Abstract and Keywords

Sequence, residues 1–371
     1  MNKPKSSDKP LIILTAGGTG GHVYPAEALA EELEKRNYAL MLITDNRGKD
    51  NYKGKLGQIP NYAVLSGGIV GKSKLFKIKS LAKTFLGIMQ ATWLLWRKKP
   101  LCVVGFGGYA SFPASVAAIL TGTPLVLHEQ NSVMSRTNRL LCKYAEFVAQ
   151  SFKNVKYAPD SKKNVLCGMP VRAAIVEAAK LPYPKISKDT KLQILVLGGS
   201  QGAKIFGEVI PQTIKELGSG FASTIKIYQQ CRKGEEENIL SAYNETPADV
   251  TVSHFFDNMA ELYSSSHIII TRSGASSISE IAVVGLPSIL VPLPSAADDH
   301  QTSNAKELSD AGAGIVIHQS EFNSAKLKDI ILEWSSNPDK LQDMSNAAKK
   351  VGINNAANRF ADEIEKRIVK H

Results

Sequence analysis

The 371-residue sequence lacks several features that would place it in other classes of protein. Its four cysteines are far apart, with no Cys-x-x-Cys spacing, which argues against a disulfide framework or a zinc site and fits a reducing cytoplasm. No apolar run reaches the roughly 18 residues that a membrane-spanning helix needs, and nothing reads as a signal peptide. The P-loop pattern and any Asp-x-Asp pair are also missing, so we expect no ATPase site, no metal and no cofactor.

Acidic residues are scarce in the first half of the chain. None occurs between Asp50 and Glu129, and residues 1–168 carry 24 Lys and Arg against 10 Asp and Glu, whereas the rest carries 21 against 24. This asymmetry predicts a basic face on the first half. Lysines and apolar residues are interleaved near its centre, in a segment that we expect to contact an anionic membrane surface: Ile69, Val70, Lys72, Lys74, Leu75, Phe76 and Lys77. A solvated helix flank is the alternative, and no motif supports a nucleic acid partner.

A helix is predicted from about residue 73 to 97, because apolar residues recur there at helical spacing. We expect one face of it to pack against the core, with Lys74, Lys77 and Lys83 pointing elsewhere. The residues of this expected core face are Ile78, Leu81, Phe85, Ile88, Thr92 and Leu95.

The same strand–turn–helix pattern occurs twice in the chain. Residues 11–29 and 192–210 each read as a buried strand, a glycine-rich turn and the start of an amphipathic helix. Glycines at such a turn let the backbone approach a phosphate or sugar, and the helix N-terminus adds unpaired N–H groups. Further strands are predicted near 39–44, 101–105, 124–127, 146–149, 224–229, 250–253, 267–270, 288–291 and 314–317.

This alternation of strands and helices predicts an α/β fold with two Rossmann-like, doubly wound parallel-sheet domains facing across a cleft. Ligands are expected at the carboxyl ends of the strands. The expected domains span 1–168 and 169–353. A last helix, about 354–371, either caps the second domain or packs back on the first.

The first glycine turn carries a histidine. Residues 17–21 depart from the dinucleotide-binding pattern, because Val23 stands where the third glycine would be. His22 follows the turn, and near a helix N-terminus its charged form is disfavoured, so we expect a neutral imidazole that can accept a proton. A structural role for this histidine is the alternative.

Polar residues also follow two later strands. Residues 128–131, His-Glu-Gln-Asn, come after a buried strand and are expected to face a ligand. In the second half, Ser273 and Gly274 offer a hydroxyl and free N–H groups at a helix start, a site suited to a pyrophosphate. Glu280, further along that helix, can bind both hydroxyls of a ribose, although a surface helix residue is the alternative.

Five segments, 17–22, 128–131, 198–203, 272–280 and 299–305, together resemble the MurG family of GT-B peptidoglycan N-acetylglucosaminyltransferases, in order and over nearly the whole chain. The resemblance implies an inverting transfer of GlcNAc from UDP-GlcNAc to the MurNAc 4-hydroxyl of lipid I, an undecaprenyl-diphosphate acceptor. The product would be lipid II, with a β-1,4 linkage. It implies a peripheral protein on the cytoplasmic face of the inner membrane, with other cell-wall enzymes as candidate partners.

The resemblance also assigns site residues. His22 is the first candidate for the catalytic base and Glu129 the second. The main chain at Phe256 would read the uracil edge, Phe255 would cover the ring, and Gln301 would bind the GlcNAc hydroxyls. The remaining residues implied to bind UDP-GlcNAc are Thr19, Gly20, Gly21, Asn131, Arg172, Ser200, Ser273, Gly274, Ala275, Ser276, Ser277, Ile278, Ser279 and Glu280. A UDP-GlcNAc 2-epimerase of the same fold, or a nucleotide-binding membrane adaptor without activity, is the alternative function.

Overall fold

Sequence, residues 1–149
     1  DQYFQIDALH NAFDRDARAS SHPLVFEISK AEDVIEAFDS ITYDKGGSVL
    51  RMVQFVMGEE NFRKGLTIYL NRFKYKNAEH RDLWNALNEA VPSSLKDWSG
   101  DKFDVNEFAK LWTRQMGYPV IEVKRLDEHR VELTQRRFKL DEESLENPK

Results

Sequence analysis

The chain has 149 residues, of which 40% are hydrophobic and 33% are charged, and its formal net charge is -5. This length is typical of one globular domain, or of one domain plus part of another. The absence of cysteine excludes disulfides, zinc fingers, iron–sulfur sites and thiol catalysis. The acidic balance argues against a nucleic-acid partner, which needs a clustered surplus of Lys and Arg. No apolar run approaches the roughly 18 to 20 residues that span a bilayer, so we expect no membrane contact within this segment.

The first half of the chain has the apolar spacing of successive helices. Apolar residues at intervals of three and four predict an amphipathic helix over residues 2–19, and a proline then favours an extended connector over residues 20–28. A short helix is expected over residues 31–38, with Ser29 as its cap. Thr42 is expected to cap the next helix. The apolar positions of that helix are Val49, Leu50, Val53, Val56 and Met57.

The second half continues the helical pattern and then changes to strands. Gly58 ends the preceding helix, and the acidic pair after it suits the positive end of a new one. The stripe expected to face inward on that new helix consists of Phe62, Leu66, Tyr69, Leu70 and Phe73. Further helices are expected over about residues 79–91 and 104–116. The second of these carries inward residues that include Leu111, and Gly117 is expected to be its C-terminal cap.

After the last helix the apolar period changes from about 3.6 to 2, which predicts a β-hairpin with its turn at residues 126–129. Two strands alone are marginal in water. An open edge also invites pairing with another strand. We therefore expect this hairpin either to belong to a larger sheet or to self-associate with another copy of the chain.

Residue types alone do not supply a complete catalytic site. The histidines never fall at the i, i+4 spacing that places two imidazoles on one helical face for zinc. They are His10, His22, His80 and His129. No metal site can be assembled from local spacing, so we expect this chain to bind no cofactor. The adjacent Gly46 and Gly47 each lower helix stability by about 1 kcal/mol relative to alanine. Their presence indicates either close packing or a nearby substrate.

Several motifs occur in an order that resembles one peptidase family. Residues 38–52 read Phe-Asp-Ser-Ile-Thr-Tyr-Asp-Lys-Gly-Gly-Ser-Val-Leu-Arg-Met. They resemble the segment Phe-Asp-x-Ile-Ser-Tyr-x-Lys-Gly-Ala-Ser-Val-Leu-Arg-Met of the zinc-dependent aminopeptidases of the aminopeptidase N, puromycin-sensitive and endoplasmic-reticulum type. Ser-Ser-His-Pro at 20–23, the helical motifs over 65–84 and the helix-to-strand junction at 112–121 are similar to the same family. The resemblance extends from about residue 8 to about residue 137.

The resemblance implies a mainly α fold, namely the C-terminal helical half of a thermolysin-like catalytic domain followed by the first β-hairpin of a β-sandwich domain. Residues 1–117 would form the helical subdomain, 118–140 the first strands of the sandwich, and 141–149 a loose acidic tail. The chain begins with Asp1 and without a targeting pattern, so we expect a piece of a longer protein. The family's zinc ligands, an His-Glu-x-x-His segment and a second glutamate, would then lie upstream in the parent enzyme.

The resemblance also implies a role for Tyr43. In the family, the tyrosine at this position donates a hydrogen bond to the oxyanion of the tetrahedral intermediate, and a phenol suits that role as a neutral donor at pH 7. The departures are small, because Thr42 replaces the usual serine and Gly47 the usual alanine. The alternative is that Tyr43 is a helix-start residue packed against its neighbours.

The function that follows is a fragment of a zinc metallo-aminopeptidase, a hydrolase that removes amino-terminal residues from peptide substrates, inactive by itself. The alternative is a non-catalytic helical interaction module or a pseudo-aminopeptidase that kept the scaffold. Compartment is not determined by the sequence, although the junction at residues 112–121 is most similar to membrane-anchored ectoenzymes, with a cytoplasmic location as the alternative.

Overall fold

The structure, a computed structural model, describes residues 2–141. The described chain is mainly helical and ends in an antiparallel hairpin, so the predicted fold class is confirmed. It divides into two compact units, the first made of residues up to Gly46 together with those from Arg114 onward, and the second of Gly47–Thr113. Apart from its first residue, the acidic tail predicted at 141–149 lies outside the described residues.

This chapter discusses how contemporary environmental political theories utilize “classic” or “canonical” texts in the history of political theory in the West from Plato to the twentieth century, primarily through appropriations and critiques of older conceptions of political society and “nature.” The chapter shows why appropriations and critiques of the works of older theories such as those of Plato, Hobbes, Locke, Rousseau, Burke, Mill, Marx, and Arendt matter, and should matter, for the new subfield of environmental political theory. Even if older texts cannot provide definitive answers to current questions, they can inform and invigorate environmental discourse as well as exhibit its essential politicalness. Conversely, close reading of the canon can help generate further questions about humans’ relation to their environments, thus encouraging, it is hoped, a more vital green public sphere.
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